There will be no shortage of goodwill pledges to reduce business rates and taxes from the main parties, but while these are important, they are part of complex age-old structures that need a fundamental rethink and do not get to the heart of why small businesses exist.
How to ‘appeal’ to small businesses
Too often these types of policy ideas lead on a pessimistic message that small businesses often fail to engage with. Small businesses are not a niche market that can simply be appeased by fiscal reassurance.
They are a 5.8 million-strong group that makeup 99.3% of all UK businesses, around half of our entire private sector turnover (more than £2 trillion), and almost 17 million employees.
Politicians talk about the role of the UK in a future global economy – whether inside or outside the EU – this is simply not possible without the huge contribution of small businesses.
Small businesses need optimism
This has been touted as the ‘Brexit election’ and for those in the Westminster bubble, perhaps it is. But for three out of every five UK employees, this election needs to be about hope.
A recognition of their phenomenal work rather than merely a wringing of hands about the problems they face.
On 13 December, small businesses will carry on as normal, just as they carried on as normal on 30 March, 13 April, 1 November, and will do again at the end of January.
At one time, preparing for Brexit was one of the main concerns of small businesses; three extensions and a general election later, they cannot base their operations around an unfixed and unknown future.
In lieu of any certainty, what politicians need to provide on the campaign trail is some optimism and a commitment to helping small businesses flourish.
No more ‘death of the high street’ – please
With Small Business Saturday set to take place for the seventh consecutive year just five days before Britain heads to the polls, candidates up and down the country must deliver the message that small businesses in their constituencies want to hear: one of confidence and ambition rather than doom and gloom; not focused on the “death of the high street”, but the contribution of its residents.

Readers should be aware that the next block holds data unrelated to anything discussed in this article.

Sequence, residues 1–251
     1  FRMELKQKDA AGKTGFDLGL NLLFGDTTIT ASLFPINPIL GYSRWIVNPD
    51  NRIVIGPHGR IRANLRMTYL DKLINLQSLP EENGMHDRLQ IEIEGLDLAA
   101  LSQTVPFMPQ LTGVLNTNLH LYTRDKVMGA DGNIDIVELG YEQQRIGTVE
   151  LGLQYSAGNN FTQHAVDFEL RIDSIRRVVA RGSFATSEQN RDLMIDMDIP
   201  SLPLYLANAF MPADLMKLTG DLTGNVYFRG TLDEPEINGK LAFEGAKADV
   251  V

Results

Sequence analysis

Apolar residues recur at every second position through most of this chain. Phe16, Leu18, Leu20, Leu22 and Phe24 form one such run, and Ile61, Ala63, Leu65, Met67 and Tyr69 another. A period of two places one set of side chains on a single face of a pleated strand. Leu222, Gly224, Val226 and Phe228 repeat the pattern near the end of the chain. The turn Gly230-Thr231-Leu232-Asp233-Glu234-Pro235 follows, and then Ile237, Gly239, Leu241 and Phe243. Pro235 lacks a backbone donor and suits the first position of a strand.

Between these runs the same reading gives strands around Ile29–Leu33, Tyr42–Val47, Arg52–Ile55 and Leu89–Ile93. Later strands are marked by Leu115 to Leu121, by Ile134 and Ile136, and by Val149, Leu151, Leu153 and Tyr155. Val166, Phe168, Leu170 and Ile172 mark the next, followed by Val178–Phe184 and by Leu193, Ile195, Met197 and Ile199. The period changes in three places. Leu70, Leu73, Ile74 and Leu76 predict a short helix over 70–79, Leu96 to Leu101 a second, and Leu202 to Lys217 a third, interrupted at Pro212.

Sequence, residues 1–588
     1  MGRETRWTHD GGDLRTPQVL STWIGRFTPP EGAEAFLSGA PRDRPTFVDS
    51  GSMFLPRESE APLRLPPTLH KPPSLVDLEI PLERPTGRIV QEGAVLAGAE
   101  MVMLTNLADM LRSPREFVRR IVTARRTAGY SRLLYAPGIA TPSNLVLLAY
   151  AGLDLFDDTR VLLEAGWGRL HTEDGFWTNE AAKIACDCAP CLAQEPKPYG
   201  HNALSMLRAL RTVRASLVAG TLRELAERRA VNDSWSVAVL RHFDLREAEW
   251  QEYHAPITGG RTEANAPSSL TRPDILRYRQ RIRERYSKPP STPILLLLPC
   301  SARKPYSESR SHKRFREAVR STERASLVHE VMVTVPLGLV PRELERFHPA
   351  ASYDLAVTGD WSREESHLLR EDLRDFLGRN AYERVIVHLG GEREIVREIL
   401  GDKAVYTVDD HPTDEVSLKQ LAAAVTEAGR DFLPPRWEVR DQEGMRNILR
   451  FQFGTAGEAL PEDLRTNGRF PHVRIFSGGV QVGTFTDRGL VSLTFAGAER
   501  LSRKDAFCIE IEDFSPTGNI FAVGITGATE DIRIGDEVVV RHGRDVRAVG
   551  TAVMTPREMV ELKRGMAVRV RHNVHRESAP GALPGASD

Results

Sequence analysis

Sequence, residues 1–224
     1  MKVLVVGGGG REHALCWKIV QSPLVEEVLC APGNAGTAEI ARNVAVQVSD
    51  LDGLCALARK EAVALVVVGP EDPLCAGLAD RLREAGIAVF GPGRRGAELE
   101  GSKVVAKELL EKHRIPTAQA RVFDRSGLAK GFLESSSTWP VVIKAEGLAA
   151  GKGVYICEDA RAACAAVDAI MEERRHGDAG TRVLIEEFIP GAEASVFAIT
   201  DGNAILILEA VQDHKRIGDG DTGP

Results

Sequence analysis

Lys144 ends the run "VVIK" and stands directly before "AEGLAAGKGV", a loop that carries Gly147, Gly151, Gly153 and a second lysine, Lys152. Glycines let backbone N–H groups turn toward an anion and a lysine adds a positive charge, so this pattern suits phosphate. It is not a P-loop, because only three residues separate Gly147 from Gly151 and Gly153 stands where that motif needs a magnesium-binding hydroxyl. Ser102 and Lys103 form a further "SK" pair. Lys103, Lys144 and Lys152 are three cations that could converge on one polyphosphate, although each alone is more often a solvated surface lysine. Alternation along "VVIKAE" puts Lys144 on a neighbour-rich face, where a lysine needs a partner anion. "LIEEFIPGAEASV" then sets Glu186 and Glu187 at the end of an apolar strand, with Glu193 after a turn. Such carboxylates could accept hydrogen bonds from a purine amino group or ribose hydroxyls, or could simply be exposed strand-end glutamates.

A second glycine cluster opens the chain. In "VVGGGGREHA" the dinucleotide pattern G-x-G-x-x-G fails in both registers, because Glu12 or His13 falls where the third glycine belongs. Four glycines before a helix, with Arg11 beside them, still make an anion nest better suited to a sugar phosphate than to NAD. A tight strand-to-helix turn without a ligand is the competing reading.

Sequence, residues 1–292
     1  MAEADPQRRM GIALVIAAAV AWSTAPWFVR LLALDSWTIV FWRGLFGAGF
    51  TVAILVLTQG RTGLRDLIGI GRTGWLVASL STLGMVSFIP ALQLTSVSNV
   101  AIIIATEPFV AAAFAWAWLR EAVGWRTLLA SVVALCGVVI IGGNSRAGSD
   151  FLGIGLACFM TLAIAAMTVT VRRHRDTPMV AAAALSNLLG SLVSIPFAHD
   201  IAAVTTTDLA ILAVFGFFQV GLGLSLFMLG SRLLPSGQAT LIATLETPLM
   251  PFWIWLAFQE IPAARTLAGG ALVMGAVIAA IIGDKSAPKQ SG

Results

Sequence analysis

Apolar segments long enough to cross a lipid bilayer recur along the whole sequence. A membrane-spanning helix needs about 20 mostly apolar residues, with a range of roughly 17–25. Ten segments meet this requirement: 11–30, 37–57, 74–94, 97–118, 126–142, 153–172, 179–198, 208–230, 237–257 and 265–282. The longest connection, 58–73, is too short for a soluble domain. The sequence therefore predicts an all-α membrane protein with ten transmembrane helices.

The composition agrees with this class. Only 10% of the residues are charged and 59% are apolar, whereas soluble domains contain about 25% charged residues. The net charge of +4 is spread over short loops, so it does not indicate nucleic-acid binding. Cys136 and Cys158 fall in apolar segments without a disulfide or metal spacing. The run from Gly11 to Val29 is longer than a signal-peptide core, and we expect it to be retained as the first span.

It is true we have seen a number of high street staples closing their doors for the last time over the past couple of years, but this is generally down to shifts in consumer behaviour.
Consumers want an ‘experience’
Research from Small Business Saturday principal supporter American Express found last year that consumer demand for experiential businesses– from coffee shops and salons, to escape rooms and cinemas – is set to rise over the next five years, as is the overall number of small businesses on the high street.
Thanks to innovative founders with an understanding of these market trends, as well as the continued growth of online services, and community-minded health and wellbeing practices, the future is bright for small businesses. Small businesses are a ready-made support system for their communities.
At the ‘heart’ of communities
They provide jobs to local people who may be down on their luck, starting out in their careers, or returning to work following long absences; they volunteer their time in community organisations – on average, each small business commits more than one working day per month to community work; and they act as important relief on our welfare system, a social prescription for individuals who may be struggling.
Just look at Frome in Somerset, where the ‘Compassionate Frome’ project to combat loneliness in the town, set up in 2013 as part of a strategic partnership between local government, businesses and entrepreneurial GPs, saw hospital admissions reduced by 30% over three years.
Let’s upscale small business confidence
Quite simply, the small business conversation goes way beyond the high street. The Federation of Small Businesses’ confidence index has put small business confidence in negative territory for an unprecedented fifth consecutive quarter; yet despite the negative narrative, we have seen a net gain of more than 200,000 UK small businesses in the last year.
Imagine how high these numbers could climb when you add in a vote of confidence from their prospective leaders. Thousands of candidates will spend the next month campaigning in the UK’s 650 constituencies, with an average of almost 9,000 small businesses in each.
Don’t forget our small businesses
When campaigners talk up the positive message they have for their area, this should be directed at small businesses, saying: ‘we recognise you, we recognise the value you create here, and we want to give you the tools to succeed’.
This Christmas election, the best present our 5.8 million small business heroes could get is a set of manifestos that offer recognition of the incredible work they do across all areas of life, and a cross-party commitment to ensuring they continue to thrive.
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